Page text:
From a consumer persecutive, open is simply what I can do with my device. In this regard Apple devices are the most open of any on the market. On an iPad I can use iBooks, Kindle, Kobo or Nook, giving me the most choice in eBooks of any mobile platform. On my iPhone I can use iTunes, Rdio, Spotify or Pandora, again a plethora of choice.

Can I sideload torrented books directly onto my device? Not directly, but with some pretty simple conversions I can read, watch and listen to pretty much any file I want.

Last week when iOS 7 was unveiled, there was an avalanche of opinion spewed about icons and frosted glass. I was watching my social feeds closely and I was amazed at the amount of pure vitriol came from my Android-loving friends. It’s a hatred with them. Unlike Apple fans who can love their iDevices while using Google services, there is a real, visceral dislike of Apple that causes not only a lot of knee-jerk judgement from Google fans, but a lot of narrow thinking.

Open advocates think that the average person cares that they can’t hack their bootloader, when really all they care about is what apps, services and functions their device enables them to use. In this way, Apple is the most open and it shows in its tribe’s willingness to use services other than those produced by Apple.

With more money and equity than most sovereign nations, Apple could buy Rdio, Twitter, Dropbox and Nintendo and still have money to spare. So why don’t they? Because their customers already have access to these services. Sure there might be some minor advantages to owning them wholly, but is that really worth a minor bump in integration, that can be accomplished through partnerships and APIs, when the benefits of those services, and hundreds of others, are already available to your customers? Think Vimeo and Flickr, Twitter and Facebook integration within iOS.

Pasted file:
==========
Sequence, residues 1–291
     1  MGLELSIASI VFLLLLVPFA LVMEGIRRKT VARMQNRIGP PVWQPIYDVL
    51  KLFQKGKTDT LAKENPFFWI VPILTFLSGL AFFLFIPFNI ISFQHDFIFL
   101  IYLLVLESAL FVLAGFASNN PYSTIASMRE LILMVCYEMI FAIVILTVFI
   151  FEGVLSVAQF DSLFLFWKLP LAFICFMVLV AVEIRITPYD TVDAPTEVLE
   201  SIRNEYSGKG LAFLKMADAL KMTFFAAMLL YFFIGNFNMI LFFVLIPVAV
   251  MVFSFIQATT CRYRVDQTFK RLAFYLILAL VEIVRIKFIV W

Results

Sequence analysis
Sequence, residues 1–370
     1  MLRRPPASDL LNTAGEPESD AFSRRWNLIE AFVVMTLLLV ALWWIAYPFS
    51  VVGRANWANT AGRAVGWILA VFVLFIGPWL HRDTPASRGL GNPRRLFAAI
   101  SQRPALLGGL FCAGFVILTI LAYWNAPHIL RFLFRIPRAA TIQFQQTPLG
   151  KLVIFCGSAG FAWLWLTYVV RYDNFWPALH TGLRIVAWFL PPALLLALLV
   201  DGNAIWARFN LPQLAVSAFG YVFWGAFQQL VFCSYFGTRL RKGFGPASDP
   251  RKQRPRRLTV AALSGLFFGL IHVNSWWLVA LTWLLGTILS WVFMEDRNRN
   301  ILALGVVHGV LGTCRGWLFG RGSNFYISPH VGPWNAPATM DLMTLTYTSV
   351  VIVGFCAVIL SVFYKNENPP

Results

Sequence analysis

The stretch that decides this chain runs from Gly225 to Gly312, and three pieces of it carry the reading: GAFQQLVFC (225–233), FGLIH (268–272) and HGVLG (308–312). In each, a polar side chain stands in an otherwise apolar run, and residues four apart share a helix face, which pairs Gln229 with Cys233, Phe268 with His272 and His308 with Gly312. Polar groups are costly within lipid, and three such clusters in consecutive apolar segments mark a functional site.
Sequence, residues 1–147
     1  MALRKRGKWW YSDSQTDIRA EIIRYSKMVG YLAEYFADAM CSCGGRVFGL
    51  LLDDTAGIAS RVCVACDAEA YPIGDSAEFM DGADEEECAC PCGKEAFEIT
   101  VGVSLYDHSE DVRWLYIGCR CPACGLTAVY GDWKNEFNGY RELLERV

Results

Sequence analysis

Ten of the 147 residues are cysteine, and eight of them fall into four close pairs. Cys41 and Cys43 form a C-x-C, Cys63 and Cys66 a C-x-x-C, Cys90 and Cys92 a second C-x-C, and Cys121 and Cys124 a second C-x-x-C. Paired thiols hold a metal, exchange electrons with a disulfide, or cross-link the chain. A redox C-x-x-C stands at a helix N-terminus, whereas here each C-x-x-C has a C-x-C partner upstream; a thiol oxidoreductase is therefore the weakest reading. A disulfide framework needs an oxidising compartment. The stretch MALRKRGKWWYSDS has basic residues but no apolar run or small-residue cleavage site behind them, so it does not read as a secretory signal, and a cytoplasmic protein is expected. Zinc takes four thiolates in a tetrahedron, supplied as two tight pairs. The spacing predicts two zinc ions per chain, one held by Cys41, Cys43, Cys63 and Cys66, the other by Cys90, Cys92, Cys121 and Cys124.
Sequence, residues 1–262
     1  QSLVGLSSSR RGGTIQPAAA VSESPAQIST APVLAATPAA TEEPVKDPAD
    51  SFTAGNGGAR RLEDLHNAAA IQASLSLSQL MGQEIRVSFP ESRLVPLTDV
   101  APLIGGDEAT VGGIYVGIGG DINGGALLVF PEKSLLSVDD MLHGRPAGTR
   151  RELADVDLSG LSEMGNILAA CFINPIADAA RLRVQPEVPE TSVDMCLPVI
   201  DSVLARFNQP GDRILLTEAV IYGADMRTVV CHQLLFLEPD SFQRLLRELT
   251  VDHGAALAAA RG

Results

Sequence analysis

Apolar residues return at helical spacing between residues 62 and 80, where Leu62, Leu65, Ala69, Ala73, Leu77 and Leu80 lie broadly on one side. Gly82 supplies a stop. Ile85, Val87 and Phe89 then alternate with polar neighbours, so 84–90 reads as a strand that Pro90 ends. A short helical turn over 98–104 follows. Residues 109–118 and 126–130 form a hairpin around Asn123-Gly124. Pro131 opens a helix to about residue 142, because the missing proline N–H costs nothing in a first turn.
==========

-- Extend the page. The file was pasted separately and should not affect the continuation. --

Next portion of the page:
So while the linkbait media are busy using words like “zealot”, “religion” and “cult” to describe Apple fans, we’re busy enjoying our pick of all, yes all, of the best services the world has to offer.

And while Google fans fume about stolen notification centers and the inability to apply a Jessica Alba theme to the iOS UI, Apple fans happily enjoy the dozens of free services that Google provides.

Apple fans are loyal, but we’re not blindly partisan to better solutions when they exist. As last week’s iOS 7 beta preview illustrated (yes beta preview Dribbble fans), we can be harshly critical of our own platform and will call out issues when we see them. If Apple is our god, we blaspheme a lot, and we covet frequently.

Our tribe is strong and proud, but we’re not ignorant. I still imagine what things would be like if Eric Schmidt had resisted jumping into mobile operating systems and instead pursued more integration with iOS. We’ll never know. What I do know is that I don’t need Apple to become Google to enjoy my iOS device and I’m willing to give any Google service a try if I think it can improve my mobile experience.

Let the towel snapping commence.